69 Hot spots in MDR-TB Muller et al. Trends in Genetics 2013 epub

70 Pathogen Polution Pathogenic micro-organism that contaminates the environment resulting in human and/or animal disease Becomes an EID when the problem is increasing Melioidosis (due to bacterium Burkholderia pseudomallei in soil and water): EID? Tropical disease possibly moving into temperate areas with climate change Cryptococcosis (due to fungus Cryptococcus gattei)

71 Cryptococcus gatti: Aussie pathogen moves to Canada Environmental fungus that lives on Eucalyptus trees in Australia Causes meningitis and pneumonia in immunosuppressed people and animals C. gatti arrived in Vancouver Is, British Columbia (Canada) in 1999

72 Cryptococcosis: chronic disease Pulmonary granulomas Asymptomatic Fever Cough CNS Meningitis – slow Meningoencephalitis Diagnosis Demonstrate fungus Antigen detection

73 Canadian outbreak 38 human cases (as at 2004) Incidence Vancouver Is 3.7/100000 72% lung (granulomas), 26% CNS 35 animals Dogs Cats Ferrets Dall’s porpoises C. gattii serotype B – two closely genetically related strains. VGIIa is the more virulent strain Found in trees (5 native spp), soil, water, air Kidd et al. PNAS 2004;101:17258-63

74 Humans and many animal species infected Even porpoises!

75 Virulent strain produced by same sex mating Fraser et al. Nature 2005;437:1360-1364.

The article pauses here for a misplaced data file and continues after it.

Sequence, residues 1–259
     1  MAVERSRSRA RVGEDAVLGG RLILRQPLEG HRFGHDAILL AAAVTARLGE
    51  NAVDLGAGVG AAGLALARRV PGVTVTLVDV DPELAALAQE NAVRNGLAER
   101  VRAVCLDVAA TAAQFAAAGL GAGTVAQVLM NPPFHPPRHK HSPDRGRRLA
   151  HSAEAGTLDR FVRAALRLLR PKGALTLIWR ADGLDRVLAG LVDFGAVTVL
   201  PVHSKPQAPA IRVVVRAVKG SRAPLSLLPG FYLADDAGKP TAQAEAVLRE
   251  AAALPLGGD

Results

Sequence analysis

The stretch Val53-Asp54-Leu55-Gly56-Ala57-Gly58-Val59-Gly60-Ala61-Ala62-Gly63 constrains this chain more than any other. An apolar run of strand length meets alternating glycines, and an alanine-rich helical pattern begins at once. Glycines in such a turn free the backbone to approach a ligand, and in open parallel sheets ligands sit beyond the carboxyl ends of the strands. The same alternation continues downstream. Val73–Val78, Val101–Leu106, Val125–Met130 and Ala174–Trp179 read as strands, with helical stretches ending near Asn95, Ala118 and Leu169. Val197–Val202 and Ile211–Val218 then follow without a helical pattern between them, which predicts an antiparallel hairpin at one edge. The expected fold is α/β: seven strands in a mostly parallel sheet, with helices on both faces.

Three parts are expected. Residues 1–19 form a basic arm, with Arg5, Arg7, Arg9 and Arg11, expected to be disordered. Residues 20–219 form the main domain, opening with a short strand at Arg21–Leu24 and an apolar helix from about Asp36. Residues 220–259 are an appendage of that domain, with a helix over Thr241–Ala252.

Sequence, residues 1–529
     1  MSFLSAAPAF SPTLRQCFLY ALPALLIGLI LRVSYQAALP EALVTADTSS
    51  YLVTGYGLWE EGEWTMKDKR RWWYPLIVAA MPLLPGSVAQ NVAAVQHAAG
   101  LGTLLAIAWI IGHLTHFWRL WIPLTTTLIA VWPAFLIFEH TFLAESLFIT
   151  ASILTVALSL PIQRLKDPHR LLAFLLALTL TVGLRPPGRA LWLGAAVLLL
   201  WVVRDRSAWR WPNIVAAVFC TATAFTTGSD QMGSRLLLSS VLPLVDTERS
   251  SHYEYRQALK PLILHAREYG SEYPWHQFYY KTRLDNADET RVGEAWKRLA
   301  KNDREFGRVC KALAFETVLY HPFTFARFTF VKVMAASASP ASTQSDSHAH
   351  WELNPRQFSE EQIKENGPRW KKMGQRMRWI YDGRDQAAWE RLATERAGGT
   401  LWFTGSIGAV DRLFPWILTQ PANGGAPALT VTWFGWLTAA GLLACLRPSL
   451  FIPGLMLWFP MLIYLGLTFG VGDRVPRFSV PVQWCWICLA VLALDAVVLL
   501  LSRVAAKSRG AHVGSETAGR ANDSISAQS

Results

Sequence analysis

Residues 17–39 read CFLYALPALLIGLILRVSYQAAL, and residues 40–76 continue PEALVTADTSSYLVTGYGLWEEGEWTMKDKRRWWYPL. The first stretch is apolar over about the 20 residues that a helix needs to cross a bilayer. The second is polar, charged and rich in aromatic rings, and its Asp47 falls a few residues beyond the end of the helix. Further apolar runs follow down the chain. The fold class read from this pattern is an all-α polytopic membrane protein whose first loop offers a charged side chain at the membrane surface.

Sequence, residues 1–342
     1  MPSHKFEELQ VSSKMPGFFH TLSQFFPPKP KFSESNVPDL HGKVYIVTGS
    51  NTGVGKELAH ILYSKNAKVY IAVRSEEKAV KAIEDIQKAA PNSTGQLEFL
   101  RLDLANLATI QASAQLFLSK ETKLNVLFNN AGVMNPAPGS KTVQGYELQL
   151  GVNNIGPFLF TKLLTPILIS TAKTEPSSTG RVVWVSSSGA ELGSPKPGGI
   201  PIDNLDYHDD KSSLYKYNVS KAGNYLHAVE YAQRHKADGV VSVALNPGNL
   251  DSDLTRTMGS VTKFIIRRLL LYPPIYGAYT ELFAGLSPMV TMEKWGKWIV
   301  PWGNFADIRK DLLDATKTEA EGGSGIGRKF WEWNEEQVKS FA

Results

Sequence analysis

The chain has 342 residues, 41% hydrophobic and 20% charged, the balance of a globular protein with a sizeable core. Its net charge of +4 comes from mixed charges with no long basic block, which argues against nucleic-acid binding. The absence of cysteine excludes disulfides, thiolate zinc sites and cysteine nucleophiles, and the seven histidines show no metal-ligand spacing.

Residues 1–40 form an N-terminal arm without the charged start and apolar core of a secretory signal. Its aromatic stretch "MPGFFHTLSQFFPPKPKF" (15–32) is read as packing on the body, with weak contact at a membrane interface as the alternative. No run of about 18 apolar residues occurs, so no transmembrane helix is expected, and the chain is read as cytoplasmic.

76 C. gattii expands Fungus spread to mainland Canada Cases have occurred on Canadian mainland Found now in Pacific Northwest (Oregon and Washington, USA) Spores on trees, woodchips, air, soil, cars, footwear sea water

77 Why has Cryptococcus gattii spread? C. gattii is an endemic Australian fungus found on Eucalyptus trees Eucalyptus have been exported widely as woodchips, mulch and timber C. gattii discovered in Brazil and some tropical areas In Canada global warming may have allowed the fungus to become established once introduced Now widespread in environment and using multiple routes of spread Example of “pathogen pollution”

78 Control of pathogen pollution? More difficult than controlling pathogens in wildlife reservoirs With cryptococcosis, veterinarians must be alert to diagnose disease early Vets can assist with research Horses – surveillance (Duncan et al 2011) Cats & dogs – clinical management (Duncan et al 2006; Trivedi et al 2011) Pet birds, ferrets – clinical (Malik et al 2002; Lester et al 2004) Wildlife – epidemiology (Duncan et al 2005)

79 Managing zoonotic EIDs needs well- functioning multi-disciplinary teams Health personnel Veterinarians Laboratory scientists Epidemiologists & disease control experts Environmental experts Social scientists Industries Policy makers Same is true of many zoonoses

80 One Health: unification of the medical and veterinary professions with the establishment of collaborative ventures in clinical care, surveillance and control of cross-species disease, education, and research into disease pathogenesis, diagnosis, therapy and vaccination One World, One Health Ecosystem and Public Health

81 “Between animal and human medicine there is no dividing line – nor should there be.” Rudolph Virchow “The spirit behind One Health is mutual respect and communication across professions. We look for added value and synergy through surveillance, outbreak response and data sharing. This is an important step toward improving health outcomes incorporating human and animal health policies in all relevant sectors.” AFCD "One Health: Past, Present and Future" workshop 2011